3. Financial institutions’ concerns have created a heavy psychological atmosphere [impeding] the resumption of cooperation with Iran due to American intimidation and the recent imposition of multibillion-dollar fines on banks. Correcting this will be feasible only with a continuous effort and a comprehensive, coordinated pursuit. On the other hand, excuses, sabotage, and delay on the American side, especially the U.S. Department of the Treasury, have made matters worse. In some cases this in itself has become one of the basic problems. During and after the talks, the negotiating team has never doubted for a moment that it is negotiating in a hostile atmosphere. It has never trusted the other side and will not do so.
Despite repeated statements by American officials about America’s commitment to meet its commitments in accordance with the JCPOA, it appears that sectors or powerful circles within the American executive apparatus have not had much interest in taking active steps to eliminate the ambiguities. In some cases they are even thwarting the efforts that have been made to remove obstacles. The Zionist regime and some of the other nations in the region are moving in this direction. Our challenges with the American side, and to a lesser extent with the European side, have not ended since implementation of the JCPOA. Our Foreign Ministry is pursuing and pressuring the other side to meet its commitments correctly. It is doing this strongly, continuously, and even on a daily basis at various levels.
4. The biggest problem and challenge that the JCPOA faces, however, is an atmosphere of trust and confidence-building in the country for foreign parties. The point is that almost all banks, companies, and corporations that are expected to return to the pre-sanctions climate and interact and cooperate economically with Iran are in the private sector and enter into economic transactions with economic logic rather than by government directive. In other words, it is the cost-benefit calculation that brings businesses into economic transactions. The most important factor in this calculation is the amount of trust in the transaction and the atmosphere around it.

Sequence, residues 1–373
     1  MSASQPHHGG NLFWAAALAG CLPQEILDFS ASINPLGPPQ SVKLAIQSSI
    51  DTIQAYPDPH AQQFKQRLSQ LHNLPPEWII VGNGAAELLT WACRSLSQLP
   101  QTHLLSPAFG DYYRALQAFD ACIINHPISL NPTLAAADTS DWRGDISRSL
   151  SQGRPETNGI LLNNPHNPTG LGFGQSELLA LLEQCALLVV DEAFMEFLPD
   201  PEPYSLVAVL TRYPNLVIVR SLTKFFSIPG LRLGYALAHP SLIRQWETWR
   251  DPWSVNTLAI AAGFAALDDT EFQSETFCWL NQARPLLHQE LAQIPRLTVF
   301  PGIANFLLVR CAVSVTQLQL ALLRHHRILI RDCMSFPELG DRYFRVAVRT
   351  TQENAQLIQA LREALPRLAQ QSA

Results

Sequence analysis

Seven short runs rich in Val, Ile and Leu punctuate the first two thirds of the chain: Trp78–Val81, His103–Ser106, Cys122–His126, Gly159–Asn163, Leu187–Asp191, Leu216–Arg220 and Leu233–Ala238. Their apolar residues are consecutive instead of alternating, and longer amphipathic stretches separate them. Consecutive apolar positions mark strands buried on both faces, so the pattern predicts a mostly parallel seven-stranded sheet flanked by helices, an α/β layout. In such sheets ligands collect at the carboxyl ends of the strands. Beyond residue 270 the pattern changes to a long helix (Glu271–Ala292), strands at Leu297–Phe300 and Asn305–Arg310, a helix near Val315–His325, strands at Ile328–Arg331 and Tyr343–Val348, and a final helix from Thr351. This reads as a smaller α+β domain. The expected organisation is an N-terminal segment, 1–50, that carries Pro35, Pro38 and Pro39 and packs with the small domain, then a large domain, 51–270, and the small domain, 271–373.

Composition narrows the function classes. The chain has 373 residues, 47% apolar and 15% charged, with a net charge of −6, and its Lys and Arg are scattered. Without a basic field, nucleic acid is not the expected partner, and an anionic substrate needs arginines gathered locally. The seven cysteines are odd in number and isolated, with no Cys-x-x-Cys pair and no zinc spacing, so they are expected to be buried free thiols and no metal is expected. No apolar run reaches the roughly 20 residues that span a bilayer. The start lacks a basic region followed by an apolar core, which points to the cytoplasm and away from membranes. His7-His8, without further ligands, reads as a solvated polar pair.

If a business does not come to the conclusion that the target market is a secure environment for investment, trade, and any kind of economic cooperation in general, obviously it will not invest, transfer technology, enter big projects, or get involved in huge transactions. It will settle for short-term transactions and low-level commerce at best. In the Middle East’s turbulent and risky investment environment, [and] in a climate where the extent to which all parties will adhere to the JCPOA is full of doubt, it is natural that many businesses will take a hesitant approach until the adherence of parties to their commitments is proven. In addition to creating a sense of competition, one must also create a climate of trust for one’s economic partners to address this problem. We must give everyone a positive outlook about economic cooperation with Iran to reduce the fear and anxiety about interaction with Iran and to create the desire for cooperation.
The resistance economy, which is and has been one of the Supreme Leader’s serious and rightful demands, takes the approach of “flexible jihad, opportunity-building, endogeny, leadership, and extroversion.” Of the 24 clauses in the Supreme Leader’s proclamation of Bahman 1392 [11 January – 19 February 2014], at least five key clauses pertain directly to a strong foreign policy and interaction with foreign parties. The achievement of important objectives such as increasing exports, encouraging foreign investment, bartering, developing free trade zones, transferring advanced technology, and most importantly developing strategic ties and spreading cooperation and participation with the nations of the region and the world, which has been stated in the propagated policies of the Resistance Economy, requires the creation of a climate of trust and confidence for foreign businesses.
Businesses that first and foremost pursue economic interests will hesitate if they have the slightest doubt about the security and health of the climate they are about to enter. Unfortunately, other factors such as corruption, lack of transparency, money laundering, difficult laws, and other things have added to the problems. There is a need to oppose such problems in addition to amending laws and fighting corruption, which happens to be one of the [Supreme] Leader’s biggest demands in the implementation of the Resistance Economy. There is a need to create a suitable and trustworthy psychological climate as well.